Taking a walk to search for a place to get breakfast, Jono made friends with a Brazilian girl called Adriana who spoke good English and they were talking about ideas of where to go.  Our latest plan was to head to Salvador and Ariana raved about the beaches.  It’s a funny thing here – we noticed that no one says that something is “all right” or “not too bad” but uses more extreme language like it is “Amazing!” or “Absolutely horrible!”.  In this case, Adriana made a series of “oohs” and “aahs” as she described the ‘paradise’ that was the beaches of Salvador.   We thought Salvador might be quite a big hop (about 24 hours up the coast in a bus) however we were coming to realise that Brazil is a different scale entirely to England and if we were every going to make progress on circumnavigating the continent, we would have to get used to these distances and that it would be nicer to do fewer areas in more detail as opposed to skim through lots of places.

We ate the chunky bread and Nutella we had picked up for breakfast and discussed how we had found the first couple of days in South America.  I think we are all in a mild stage of questioning why we’re doing this as the reality of budget travel in a foreign and unusual country was beginning to kick in.  We looked at the room we were staying in and at the rather basic food we were eating and even Rio was not quite the paradise we had dreamed of from the comfort of our homes in Richmond-upon-Thames.  We felt always on-guard and not able to relax which limited our enjoyment of some of the experiences.  I knew not to read too much into these feelings – that we were in that state of limbo that can occur on such trips where you have got over the initial enjoyment of being somewhere different – but that we hadn’t yet learnt the local customs making every little thing a lot harder so we hadn’t reached the stage of just enjoying it.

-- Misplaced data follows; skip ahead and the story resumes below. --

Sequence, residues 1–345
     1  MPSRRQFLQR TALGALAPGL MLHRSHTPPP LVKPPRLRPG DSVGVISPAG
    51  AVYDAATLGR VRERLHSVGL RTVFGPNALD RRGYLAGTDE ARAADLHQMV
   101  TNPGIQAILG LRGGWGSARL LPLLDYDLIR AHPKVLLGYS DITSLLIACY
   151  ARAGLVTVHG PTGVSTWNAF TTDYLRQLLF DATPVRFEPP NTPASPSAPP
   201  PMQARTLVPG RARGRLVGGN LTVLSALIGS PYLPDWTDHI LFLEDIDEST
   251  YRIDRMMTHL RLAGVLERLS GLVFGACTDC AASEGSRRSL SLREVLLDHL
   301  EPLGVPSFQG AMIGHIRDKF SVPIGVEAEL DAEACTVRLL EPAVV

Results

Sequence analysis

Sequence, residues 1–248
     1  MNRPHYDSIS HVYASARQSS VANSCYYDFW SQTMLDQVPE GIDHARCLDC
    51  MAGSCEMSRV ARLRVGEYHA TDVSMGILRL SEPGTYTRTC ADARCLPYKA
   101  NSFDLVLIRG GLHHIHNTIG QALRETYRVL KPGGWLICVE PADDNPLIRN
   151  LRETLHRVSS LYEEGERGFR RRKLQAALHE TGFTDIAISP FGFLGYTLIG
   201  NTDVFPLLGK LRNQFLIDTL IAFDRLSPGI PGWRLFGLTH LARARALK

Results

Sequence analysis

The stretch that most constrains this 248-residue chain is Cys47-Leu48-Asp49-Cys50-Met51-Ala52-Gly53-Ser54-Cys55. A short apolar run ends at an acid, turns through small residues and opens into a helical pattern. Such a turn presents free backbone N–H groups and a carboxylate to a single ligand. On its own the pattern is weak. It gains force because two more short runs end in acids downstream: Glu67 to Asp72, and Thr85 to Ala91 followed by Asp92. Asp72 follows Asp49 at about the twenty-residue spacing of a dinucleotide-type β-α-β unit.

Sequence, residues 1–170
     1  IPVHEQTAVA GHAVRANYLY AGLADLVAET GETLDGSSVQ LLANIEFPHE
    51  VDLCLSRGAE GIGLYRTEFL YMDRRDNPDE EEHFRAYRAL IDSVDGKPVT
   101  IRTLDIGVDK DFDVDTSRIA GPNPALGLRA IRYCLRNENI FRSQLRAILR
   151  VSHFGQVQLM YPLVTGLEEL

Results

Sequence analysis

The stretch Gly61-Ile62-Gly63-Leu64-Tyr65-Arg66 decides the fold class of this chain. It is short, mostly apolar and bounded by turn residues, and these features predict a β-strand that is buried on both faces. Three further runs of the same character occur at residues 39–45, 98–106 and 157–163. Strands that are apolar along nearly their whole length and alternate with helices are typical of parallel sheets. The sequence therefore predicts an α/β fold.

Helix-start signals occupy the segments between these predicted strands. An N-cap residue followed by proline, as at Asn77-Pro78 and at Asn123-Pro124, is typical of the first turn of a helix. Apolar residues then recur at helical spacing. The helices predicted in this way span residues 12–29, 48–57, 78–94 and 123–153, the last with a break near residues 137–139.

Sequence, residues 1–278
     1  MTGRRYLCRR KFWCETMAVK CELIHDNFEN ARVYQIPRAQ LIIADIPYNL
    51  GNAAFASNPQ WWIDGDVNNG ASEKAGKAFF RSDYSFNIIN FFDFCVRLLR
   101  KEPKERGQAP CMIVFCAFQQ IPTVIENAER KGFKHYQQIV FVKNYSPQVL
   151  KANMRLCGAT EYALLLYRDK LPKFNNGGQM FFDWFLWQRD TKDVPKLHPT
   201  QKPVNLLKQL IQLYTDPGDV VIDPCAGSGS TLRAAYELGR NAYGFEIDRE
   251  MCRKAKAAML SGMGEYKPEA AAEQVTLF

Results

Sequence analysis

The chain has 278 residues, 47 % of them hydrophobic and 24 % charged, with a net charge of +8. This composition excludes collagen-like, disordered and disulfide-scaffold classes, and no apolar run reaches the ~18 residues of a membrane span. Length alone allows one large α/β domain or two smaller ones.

Adriana, who had joined us for breakfast, said she was heading to the Rodovaria (bus station) to continue her own travels around Brazil and suggested we all share a taxi.  We much appreciated this since we didn’t have a clue how to get there and thought we would probably be ripped off as well, so we all headed off in a taxi.

As we journeyed through the city, I noticed some street children running towards the car shouting something and laughing.  The taxi man immediately locked all the doors and said they were shouting “Gringos” which is slang for foreigner and the street children were not to be trusted at all.  We arrived at the bus station and felt all eyes on us and on our packs and we were grateful for Adriana’s help in finding a bus.  Most of the buses to Salvador were full but Adriana was able to talk to operators and we eventually found a bus that had some spare seats.  The tickets cost about £35 but this was a lot cheaper than the flying alternative albeit a lot longer with an estimated 25 hours journey time and besides, we wanted to do this trip ‘at ground level’ to experience the adventure of the journey and hopefully see more of the countryside.

The bus wouldn’t be leaving until the evening, so Adriana suggested we take a local bus to a trendy suburb of Rio called Barra de Tjuca.  The ride took us about an hour, but it was interesting taking us through the Tjuca National Park and more areas of Rio we hadn’t yet seen.